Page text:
Your GP should arrange for you to see a specialist if you have symptoms that could be due to pancreatic cancer.
Depending on your symptoms and other factors, this might be an urgent referral.
Seeing your GP
It can be hard for GPs to decide who may have cancer and who might have a more minor condition. For some symptoms, your doctor may ask you to wait to see if the symptoms get better or respond to treatment, such as antibiotics.
UK referral guidelines
There are guidelines for GPs to help them decide who needs a referral.
Some of the UK nations have targets around how quickly you’ll be seen. In England an urgent referral means that you should see a specialist within 2 weeks.
This 2 week time limit does not exist in Scotland, Wales and Northern Ireland. But wherever you live, you are seen as quickly as possible.
Urgent referral to a specialist
The referral guidelines vary slightly between the different UK nations. The below is a summary. Your GP will use these guidelines as well as their own experience and judgement.
In England, Wales and Northern Ireland
You should have an urgent referral for possible cancer of the pancreas if you are aged 40 or over and have jaundice. Jaundice means yellowing of the skin and whites of the eyes.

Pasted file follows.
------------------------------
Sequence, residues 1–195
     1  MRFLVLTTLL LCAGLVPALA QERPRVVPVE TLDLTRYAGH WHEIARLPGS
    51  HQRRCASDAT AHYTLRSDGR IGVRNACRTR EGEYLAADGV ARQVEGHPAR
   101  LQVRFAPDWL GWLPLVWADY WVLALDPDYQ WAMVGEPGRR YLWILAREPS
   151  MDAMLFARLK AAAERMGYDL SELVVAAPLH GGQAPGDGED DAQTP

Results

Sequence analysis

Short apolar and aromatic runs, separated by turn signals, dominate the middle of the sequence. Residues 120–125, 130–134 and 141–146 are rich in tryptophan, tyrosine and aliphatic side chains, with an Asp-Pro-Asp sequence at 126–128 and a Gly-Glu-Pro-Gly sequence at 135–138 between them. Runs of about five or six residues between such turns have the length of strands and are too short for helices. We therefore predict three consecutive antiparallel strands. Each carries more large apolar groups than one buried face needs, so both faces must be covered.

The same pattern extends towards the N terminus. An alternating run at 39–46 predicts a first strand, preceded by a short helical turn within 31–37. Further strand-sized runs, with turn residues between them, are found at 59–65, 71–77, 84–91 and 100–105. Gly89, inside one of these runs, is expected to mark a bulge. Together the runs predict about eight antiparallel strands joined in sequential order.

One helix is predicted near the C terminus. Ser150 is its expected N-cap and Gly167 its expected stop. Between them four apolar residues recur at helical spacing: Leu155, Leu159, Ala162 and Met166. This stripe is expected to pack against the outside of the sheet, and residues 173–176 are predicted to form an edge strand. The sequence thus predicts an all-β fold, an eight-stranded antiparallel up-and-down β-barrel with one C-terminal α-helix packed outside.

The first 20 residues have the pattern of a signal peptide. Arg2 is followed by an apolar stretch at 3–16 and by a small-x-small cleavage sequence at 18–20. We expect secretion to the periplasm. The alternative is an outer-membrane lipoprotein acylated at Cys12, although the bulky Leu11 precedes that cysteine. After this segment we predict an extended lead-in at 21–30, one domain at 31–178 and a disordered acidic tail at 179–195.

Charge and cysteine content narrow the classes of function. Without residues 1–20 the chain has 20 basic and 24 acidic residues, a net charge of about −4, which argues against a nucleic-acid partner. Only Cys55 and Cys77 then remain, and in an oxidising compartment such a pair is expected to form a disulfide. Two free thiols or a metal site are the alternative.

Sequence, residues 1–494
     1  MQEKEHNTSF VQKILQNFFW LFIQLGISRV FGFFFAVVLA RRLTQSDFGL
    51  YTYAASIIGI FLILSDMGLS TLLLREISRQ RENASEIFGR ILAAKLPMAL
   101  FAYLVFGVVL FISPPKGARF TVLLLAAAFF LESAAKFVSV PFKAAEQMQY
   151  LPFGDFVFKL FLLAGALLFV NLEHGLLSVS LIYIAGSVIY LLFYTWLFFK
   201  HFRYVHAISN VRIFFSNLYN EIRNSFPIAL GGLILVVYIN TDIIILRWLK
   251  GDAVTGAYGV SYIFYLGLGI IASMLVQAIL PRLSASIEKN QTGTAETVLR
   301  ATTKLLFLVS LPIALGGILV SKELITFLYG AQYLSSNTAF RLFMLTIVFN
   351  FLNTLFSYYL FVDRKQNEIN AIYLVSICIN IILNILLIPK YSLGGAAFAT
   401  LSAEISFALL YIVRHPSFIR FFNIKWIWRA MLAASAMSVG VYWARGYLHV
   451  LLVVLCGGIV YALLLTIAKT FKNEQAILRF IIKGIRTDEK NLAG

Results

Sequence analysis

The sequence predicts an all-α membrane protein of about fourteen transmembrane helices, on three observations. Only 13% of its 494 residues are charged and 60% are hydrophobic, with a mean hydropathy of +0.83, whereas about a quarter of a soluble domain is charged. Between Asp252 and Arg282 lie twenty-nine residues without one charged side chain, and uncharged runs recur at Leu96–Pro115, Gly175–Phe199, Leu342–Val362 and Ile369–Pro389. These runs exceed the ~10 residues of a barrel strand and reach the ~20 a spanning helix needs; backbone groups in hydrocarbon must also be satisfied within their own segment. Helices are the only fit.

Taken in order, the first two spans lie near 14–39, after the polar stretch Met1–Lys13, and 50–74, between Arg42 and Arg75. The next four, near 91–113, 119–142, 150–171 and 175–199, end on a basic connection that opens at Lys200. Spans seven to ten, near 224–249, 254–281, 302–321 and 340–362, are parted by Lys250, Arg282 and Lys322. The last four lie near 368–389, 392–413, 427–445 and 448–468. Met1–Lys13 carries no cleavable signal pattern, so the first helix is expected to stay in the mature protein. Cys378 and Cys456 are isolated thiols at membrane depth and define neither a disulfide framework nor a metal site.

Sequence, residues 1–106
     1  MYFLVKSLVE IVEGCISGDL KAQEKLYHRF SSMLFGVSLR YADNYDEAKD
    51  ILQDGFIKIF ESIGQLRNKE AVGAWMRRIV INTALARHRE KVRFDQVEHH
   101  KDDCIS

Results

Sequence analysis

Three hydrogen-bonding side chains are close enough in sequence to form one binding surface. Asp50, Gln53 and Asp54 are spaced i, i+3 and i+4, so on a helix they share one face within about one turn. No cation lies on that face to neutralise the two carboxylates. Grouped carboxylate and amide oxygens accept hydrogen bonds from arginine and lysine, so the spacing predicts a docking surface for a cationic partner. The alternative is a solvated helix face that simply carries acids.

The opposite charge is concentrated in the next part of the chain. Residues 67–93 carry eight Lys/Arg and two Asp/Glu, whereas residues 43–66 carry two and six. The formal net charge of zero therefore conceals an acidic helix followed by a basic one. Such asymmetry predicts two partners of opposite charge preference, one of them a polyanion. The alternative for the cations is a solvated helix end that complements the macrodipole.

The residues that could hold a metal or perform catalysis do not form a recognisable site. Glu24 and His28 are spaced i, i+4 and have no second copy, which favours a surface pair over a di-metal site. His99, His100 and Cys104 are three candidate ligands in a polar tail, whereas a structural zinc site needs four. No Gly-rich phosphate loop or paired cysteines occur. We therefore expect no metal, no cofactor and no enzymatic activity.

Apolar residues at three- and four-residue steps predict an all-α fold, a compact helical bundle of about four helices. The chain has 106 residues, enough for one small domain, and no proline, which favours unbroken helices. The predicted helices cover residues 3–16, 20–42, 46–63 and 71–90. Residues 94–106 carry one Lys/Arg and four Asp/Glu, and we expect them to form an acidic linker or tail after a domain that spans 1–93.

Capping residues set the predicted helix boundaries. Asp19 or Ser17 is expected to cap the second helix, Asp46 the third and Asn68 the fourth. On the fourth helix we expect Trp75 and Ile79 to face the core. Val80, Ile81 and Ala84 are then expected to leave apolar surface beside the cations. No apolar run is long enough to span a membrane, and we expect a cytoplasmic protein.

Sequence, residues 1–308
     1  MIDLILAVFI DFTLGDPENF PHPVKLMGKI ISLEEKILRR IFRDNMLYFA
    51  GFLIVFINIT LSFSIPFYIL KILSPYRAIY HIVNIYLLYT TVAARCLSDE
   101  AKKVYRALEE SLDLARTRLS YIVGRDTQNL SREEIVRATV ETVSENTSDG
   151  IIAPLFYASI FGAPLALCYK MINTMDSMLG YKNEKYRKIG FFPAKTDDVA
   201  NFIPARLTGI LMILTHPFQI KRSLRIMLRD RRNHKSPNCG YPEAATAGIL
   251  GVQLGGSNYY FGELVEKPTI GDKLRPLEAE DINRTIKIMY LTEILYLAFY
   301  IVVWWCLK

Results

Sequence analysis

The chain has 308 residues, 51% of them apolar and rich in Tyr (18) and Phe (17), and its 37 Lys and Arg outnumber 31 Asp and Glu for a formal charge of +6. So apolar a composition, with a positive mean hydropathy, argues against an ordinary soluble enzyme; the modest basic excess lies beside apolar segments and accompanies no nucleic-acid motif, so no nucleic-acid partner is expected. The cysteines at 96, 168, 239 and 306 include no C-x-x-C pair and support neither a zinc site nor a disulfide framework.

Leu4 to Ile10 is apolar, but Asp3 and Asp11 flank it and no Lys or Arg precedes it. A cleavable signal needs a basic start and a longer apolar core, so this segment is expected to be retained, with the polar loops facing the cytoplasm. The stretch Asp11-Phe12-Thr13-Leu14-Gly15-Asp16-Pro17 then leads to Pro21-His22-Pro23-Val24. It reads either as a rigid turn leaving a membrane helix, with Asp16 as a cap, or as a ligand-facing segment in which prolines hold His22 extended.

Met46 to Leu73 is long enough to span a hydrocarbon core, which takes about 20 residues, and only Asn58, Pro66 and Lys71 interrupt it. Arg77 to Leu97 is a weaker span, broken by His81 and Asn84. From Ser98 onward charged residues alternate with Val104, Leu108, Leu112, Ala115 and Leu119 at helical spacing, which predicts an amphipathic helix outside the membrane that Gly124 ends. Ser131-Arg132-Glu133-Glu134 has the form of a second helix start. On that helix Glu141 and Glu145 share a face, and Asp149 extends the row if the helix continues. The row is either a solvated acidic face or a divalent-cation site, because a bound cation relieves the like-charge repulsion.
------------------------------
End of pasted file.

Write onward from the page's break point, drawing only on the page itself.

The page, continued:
Your GP should consider referring you for an urgent CT scan or ultrasound scan if you are aged 60 or over with weight loss and any of the following:
- back pain
- tummy (abdomen) pain
- feeling and being sick (nausea and vomiting)
- difficulty going for a poo or not going as often (constipation)
- newly diagnosed
You should have an urgent referral for possible pancreatic cancer if you have jaundice.
Your GP should also refer you if you have unexplained weight loss, particularly if you are over 55, and you have one or more of the following:
- a lump (mass) in the upper area of your tummy
- newly diagnosed diabetes
- new and unexplained back pain
- ongoing symptoms affecting the gastrointestinal tract (such as vomiting or feeling full after eating small amounts) and tests such as
endoscopyhave not shown a cause
- an abnormal area found on a scan